Dow Rallies 136 Points – Wall Street Journal

2 Nov

A series of strong economic data helped the Dow Jones Industrial Average to its strongest start to a month since January.

The blue-chip index jumped 136.16 points, or 1%, to 13232.62 on Thursday, its biggest daily gain in seven weeks. Better-than-expected readings on consumer confidence and worker productivity in the U.S. and manufacturing in both the U.S. and China boosted sentiment.

The gains were combined with a pickup in U.S. trading volume as roads and transport systems in the Northeast gradually opened, allowing more traders back to work. Some 3.87 billion shares changed hands in New York Stock Exchange composite volume, up from 3.53 billion on Wednesday, when stock markets reopened after a two-day shutdown caused by superstorm Sandy that rocked the region. Thursday’s volume was the highest in six weeks.

Trading activity also likely was boosted by the flip of the calendar page, as mutual funds and hedge funds starting with a clean slate for the month—and in some cases, their fiscal year—put money to work.

A manufacturing report from China helped start the day on a positive note. That was followed by a report in the U.S., which showed a second month of expansion in the sector following a summer of weakness. The U.S. data, in particular, helped buttress a view that the economy may be finding its footing. Housing data and consumer-confidence reports also have picked up.

“These numbers give us the sense that it’s going to be OK,” said J.J. Kinahan, chief derivatives strategist at TD Ameritrade . “The economy is taking body punch after body punch, but it still seems pretty strong.”

Another test comes Friday, when the government releases its monthly jobs report. That survey takes on added importance this month as it is released just days before the presidential election next Tuesday.

Bloomberg NewsThe Dow climbed 136.16 points, its biggest gain in seven weeks. Above, the New York Stock Exchange.

Last month’s report showed a drop in the unemployment rate to its lowest level since January 2009. Many investors will be watching to make sure that reading wasn’t an aberration and that the jobs recovery is on track. Economists, on average, expect the economy to have added 125,000 new jobs in October, according to a Dow Jones Newswires survey. They also expect the unemployment rate to rise to 7.9% after sliding to 7.8% in September.

After October’s strong reading, “we think it will be just good enough tomorrow,” said Phil Orlando, chief equity strategist for Federated Investors Inc. in New York, which manages $370 billion. Even a good enough report, he added, would likely keep the rally on track.

Thursday’s gains came mainly from sectors linked to the economy, as well as those that would benefit from the reconstruction effort after the storm in the Northeast. Masco, a provider of building supplies, was among the biggest gainers on Thursday, climbing $1.04, or 6.9%, to $16.13.

Home builders and home-improvement stores also jumped. Lennar rose 82 cents, or 2.2%, to 38.29, and KB Home gained 49 cents, or 3.1%, to 16.47. Home-improvement chain Home Depot rose 88 cents, or 1.4%, to 62.26, as did Lowe’s, up 58 cents, or 1.8%, to 32.96.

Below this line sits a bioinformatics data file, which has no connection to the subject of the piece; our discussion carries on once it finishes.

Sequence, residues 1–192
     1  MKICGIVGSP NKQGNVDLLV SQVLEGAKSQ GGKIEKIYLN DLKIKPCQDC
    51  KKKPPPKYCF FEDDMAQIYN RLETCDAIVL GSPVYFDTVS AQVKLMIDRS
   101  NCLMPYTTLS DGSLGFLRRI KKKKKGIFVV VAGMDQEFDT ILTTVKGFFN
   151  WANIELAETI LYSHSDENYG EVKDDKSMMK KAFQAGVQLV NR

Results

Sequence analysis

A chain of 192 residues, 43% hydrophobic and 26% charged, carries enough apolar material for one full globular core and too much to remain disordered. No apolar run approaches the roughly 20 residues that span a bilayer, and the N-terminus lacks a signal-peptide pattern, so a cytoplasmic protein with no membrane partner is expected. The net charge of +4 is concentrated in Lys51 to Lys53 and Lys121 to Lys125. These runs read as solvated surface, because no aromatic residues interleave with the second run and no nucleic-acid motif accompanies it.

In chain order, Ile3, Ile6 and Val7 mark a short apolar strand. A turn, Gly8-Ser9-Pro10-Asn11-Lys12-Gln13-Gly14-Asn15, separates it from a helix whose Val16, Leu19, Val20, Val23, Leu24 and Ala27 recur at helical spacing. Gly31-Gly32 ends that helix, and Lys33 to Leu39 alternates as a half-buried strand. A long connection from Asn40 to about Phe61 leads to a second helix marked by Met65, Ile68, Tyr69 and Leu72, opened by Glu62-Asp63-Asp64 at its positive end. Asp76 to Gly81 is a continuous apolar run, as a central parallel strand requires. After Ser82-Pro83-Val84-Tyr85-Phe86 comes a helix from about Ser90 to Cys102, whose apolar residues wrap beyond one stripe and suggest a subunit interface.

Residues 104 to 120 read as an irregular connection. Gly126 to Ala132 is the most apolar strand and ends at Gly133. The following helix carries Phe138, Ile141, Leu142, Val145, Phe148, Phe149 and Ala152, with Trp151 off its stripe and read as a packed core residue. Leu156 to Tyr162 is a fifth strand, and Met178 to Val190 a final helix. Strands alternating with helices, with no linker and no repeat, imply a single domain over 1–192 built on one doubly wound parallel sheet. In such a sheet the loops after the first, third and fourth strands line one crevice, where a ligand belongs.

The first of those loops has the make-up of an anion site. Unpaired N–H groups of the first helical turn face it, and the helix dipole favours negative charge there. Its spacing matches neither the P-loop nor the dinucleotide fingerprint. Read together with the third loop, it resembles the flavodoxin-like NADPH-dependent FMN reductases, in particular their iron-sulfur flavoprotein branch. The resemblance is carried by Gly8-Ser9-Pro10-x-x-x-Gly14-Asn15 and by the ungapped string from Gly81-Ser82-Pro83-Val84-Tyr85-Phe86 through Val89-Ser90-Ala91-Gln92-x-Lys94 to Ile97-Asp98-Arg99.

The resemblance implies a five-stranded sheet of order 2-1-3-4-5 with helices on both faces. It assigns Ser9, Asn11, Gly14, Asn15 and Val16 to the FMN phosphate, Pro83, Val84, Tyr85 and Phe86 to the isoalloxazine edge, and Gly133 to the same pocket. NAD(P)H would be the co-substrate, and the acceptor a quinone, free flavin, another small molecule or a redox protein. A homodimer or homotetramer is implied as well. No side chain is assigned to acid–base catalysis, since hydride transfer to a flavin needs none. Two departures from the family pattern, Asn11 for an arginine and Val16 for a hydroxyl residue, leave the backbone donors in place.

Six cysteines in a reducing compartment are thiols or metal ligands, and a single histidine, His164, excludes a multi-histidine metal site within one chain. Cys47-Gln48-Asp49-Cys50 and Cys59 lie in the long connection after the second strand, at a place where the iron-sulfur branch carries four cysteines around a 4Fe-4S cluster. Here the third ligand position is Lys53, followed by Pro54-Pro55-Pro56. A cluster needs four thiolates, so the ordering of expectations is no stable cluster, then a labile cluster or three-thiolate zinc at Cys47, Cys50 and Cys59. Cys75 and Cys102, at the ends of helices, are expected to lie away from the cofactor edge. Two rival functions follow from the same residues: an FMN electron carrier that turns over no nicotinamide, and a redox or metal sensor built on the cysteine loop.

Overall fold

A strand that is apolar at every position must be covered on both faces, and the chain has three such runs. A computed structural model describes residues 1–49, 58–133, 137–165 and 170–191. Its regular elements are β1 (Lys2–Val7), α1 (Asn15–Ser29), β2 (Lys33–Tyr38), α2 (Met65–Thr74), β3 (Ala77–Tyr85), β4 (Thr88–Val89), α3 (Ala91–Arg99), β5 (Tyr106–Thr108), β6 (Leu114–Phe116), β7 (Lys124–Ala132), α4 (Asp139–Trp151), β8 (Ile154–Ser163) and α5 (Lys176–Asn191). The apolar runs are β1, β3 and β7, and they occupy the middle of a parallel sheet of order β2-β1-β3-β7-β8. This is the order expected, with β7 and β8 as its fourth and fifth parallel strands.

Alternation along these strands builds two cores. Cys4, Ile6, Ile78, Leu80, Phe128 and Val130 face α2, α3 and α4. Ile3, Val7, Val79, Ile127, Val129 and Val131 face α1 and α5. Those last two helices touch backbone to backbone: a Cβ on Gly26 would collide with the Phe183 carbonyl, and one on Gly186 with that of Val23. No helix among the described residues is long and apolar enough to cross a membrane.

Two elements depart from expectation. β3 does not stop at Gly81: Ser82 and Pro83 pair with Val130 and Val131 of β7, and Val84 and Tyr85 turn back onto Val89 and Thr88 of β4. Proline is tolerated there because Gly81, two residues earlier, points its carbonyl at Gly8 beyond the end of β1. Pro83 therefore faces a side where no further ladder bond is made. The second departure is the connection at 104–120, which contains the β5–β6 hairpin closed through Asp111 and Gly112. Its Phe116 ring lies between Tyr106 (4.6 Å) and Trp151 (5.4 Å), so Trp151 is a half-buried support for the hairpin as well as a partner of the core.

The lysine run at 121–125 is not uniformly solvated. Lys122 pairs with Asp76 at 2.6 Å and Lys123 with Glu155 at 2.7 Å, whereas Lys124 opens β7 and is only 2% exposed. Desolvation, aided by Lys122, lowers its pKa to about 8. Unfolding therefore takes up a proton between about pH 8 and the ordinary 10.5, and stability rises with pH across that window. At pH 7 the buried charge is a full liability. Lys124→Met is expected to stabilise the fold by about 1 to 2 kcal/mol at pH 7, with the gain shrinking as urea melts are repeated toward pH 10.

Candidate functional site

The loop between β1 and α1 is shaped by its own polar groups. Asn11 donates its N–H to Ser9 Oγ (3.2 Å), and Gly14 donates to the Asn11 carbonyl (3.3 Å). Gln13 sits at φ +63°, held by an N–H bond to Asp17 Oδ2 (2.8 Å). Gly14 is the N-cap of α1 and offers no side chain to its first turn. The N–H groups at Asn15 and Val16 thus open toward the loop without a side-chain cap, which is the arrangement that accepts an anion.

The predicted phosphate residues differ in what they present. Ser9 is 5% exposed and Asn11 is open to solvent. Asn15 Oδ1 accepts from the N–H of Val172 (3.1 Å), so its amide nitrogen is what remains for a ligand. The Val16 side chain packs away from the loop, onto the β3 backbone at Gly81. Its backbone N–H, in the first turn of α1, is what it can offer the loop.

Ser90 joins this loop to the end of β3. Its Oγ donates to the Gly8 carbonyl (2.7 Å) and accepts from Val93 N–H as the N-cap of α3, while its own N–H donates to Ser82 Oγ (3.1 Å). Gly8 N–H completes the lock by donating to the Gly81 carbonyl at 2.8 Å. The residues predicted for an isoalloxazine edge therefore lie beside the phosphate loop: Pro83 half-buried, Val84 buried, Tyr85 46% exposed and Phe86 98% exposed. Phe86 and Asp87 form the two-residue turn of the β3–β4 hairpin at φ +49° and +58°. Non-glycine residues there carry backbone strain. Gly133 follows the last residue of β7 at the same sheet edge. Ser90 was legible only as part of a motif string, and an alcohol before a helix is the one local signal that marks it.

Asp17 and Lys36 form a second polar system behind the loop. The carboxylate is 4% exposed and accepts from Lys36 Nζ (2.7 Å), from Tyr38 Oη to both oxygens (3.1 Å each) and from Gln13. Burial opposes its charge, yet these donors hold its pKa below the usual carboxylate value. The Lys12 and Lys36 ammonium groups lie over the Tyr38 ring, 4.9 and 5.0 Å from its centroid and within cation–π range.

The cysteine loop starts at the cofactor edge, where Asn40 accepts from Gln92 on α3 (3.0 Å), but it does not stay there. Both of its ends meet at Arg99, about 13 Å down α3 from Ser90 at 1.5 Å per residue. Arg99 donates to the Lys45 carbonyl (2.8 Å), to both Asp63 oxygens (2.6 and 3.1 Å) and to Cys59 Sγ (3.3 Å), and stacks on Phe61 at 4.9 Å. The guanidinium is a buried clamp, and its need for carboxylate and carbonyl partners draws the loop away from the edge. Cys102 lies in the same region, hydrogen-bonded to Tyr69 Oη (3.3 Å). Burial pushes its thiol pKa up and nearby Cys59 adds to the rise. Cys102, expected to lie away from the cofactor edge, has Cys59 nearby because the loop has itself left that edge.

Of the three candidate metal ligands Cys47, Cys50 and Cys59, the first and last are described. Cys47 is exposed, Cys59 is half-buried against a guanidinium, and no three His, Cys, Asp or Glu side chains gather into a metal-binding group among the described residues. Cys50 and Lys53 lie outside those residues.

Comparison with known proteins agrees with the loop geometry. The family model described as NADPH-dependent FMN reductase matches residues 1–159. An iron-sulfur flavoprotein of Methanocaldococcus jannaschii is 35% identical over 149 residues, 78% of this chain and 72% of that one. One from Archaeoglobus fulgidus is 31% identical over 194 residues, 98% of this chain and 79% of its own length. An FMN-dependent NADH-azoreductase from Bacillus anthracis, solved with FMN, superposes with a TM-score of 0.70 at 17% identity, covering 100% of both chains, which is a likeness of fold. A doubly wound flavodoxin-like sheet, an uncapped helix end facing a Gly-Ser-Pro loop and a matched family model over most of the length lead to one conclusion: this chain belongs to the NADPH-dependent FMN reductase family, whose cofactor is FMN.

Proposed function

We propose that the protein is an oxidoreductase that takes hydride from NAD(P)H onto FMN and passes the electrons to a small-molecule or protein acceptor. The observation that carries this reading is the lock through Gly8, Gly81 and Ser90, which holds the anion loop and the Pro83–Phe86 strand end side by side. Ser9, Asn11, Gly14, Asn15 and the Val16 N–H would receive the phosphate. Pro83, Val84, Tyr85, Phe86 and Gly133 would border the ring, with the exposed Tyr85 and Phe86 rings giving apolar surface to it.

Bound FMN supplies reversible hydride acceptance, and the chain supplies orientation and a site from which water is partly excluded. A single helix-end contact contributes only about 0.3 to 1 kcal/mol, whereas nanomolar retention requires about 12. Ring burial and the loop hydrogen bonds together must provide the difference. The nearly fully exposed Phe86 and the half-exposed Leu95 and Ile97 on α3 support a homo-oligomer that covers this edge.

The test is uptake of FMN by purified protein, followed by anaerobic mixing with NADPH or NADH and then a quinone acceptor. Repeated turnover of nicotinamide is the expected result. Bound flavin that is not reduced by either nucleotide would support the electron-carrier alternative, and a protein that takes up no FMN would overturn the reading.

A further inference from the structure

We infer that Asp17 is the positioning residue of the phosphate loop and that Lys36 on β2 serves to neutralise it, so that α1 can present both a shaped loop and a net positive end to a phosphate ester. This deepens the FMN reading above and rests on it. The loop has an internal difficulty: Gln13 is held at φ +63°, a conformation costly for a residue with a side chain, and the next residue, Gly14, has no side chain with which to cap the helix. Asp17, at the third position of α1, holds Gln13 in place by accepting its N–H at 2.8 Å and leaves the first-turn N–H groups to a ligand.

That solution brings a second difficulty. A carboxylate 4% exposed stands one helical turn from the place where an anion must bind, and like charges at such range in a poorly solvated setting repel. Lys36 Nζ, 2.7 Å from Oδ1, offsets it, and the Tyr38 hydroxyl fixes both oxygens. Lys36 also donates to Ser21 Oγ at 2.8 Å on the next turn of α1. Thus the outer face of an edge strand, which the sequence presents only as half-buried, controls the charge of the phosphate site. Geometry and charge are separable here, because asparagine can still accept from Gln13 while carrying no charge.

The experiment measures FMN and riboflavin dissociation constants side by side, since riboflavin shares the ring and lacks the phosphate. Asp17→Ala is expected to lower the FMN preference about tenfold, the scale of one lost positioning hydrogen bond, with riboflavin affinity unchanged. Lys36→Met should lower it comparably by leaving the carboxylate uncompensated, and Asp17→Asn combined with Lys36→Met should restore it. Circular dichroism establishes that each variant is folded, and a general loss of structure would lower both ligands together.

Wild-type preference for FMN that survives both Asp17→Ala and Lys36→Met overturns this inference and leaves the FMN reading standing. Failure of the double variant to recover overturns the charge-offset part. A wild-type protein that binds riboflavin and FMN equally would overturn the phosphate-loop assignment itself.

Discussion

Technology stocks rallied broadly, after trailing the rest of the market throughout October.

“Tech has been getting clobbered. So as people come back from being out of the office, tech is the place they are looking for deals,” said Uri Landesman, president of New York hedge fund Platinum Partners, which oversees $1.1 billion in assets.


In the longer term, Mr. Orlando said his firm is taking a bullish view on the stock market, given signs of strength in economies around the world.

“We don’t think this is a one-day aberration,” he said. “The weakness in emerging markets, with China at the top of the list, is at or near a bottom, and we think China and Brazil will do better going forward.” He added that, with European leaders “doing the right things,” the picture for the global economy will be brighter.

He also is confident that, regardless of how the U.S. election plays out next Tuesday, members of Congress would strike a deal to avert tax increases and spending cuts that are due at year’s end, known as the “fiscal cliff. “”That’s a negative that’s been hanging over the market,” Mr. Orlando said. “People are too pessimistic about that.”

In earnings news, Exxon Mobil gained 43 cents, or 0.5%, to 91.60, after the energy company’s quarterly earnings and revenue exceeded analyst expectations.

Pfizer fell 32 cents, or 1.3%, to 24.55, after the pharmaceutical company’s third-quarter earnings and revenue came in well below analyst expectations. It reported lower sales of its cholesterol drug Lipitor.

Shares of insurance companies edged lower as investors tried to handicap how much insurers would be on the hook for losses from this week’s storm. Despite posting better-than-expected earnings, Allstate fell 93 cents, or 2.3%, to 39.05, while MetLife weakened one cent, or less than 0.1%, to 35.48.

Visa climbed 5.12, or 3.7%, to 143.88, after the credit-card company topped earnings and revenue expectations, and announced a $1.5 billion share-repurchase program a week after increasing its quarterly dividend by 50%.

Abercrombie & Fitch jumped 2.65, or 8.7%, to 33.23, and Aéropostale climbed 1.26, or 11%, to 13.21, after the two retailers offered better-than-expected projections on coming earnings reports.

Zumiez slumped 4.19, or 17%, to 21.13, after the sports apparel retailer lowered its fiscal quarterly earnings outlook, citing disappointing sales in Europe.

Abiomed slid 6.21, or 31%, to 13.61, after the biotechnology company said there is a federal investigation into the marketing and labeling of one of its products.

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